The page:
Smithsonian's National Zoo in Washington, D.C., is losing its latest panda diplomat. On Tuesday, Bei Bei will move to China.
The giant panda will fly out in a crate in his own private FedEx plane on a non-stop flight to Chengdu, China.
Millions of Americans have watched Bei Bei grow up at the National Zoo either in person or online via the popular panda cam. Some visitors and viewers of Bei Bei watched him eat his first shoot of bamboo and take his first tumble in the grass. He was born in 2015, and that same year, Michelle Obama and Peng Liyuan, first ladies of the United States and the People’s Republic of China, named him.
Courtesy of the Smithsonian National Zoo
But Brandie Smith, deputy director at Smithsonian's National Zoo, said she has known from the start that Bei Bei would have to leave.
It is part of a giant panda loan agreement that China has with zoos around the world. Any cub born abroad remains the property of their birth country. Once the panda turns 4 years old, it’s sent to a research center in cities such as Chengdu for breeding. After all, Bei Bei is now 4 years old.
Not many countries have the privilege to house giant pandas. Only 500 pandas live in zoos and breeding centers around the world. It is up to China to decide where these bears go.
Having a panda in a zoo boosts its status significantly, as the Edinburgh Zoo in Scotland found in 2011 when giant panda Tian Tian arrived. In exchange, Scotland sold China salmon, Land Rovers and offshore drilling technology.
Think of it as China’s soft — and cuddly — power.
Beijing first started using pandas as goodwill ambassadors in the 1950s. It sent two pandas to the US in 1972, right after then-President Richard Nixon’s historic visit to China, where First Lady Pat Nixon expressed her love for the black and white animals.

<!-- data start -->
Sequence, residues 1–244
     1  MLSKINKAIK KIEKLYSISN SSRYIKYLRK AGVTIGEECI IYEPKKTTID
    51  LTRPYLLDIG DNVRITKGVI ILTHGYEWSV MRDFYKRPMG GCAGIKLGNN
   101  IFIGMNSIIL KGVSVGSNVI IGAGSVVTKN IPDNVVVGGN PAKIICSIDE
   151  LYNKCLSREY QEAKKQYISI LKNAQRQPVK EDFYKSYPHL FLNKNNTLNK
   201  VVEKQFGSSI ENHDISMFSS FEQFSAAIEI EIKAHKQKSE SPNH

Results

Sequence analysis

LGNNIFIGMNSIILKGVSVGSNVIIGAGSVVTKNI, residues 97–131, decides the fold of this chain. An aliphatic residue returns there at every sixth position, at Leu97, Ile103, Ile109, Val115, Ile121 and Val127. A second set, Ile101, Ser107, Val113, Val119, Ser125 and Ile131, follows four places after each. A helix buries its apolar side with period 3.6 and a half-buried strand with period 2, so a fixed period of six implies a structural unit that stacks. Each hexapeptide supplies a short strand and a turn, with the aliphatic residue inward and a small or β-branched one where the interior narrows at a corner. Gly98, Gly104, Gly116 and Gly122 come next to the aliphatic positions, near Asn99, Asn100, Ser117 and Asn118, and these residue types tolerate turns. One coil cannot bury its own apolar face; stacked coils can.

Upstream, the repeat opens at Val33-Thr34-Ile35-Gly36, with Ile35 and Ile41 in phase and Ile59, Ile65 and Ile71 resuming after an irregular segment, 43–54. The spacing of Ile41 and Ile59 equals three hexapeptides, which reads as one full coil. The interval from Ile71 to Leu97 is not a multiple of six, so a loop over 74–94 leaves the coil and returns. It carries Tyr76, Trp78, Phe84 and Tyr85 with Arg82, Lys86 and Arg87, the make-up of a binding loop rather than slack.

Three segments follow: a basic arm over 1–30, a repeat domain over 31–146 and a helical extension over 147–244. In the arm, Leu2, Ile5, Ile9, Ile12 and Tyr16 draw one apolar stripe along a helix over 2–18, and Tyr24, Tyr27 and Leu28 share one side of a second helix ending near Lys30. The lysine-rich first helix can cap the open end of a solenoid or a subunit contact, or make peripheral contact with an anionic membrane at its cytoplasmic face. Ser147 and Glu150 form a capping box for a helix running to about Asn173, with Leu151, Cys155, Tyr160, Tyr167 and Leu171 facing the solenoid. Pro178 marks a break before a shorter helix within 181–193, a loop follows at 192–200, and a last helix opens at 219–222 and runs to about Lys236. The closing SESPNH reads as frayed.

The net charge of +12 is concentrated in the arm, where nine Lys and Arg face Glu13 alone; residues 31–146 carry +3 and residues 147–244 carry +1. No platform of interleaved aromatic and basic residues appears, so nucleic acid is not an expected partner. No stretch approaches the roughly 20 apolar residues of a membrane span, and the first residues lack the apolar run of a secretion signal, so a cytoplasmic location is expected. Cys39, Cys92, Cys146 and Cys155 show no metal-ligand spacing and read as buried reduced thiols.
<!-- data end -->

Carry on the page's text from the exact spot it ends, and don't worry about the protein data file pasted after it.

A couple months later, she welcomed the first pair — Ling Ling and Hsing Hsing — to the National Zoo, which she called a “pandamonium.”
Zoos around the world typically rent pandas from China in pairs for 10 years at time, paying China annual fees of up to $1 million. When a cub is born, zoos pay China an extra, one-time fee of $400,000.
The rent terms are set in 10-year increments because anything shorter may violate the terms of the Convention on International Trade of Endangered Species of Wild Fauna and Flora, which protects pandas and other endangered animals from being “commercialized” in international trade, according to Colby Loucks, vice president of the Wildlife Conservation Program at World Wildlife Fund (WWF).
Caring for giant pandas isn’t cheap or easy. The Washington, Atlanta, Memphis, and San Diego zoos are said to have spent $33 million more than they received from exhibiting pandas from 2000-2003.
But the Chinese fees are in place to fund conservation efforts in both China and the US, Smith said.
Over the past several decades, China has bestowed pandas on some other favored nations. World leaders such as France’s François Hollande, Germany’s Angela Merkel, and Canada’s Justin Trudeau have all beamed at the sight of these pandas. In 2017, Merkel said the pair of cubs Berlin received from Chinese President Xi Jinping was “pleasant diplomats.”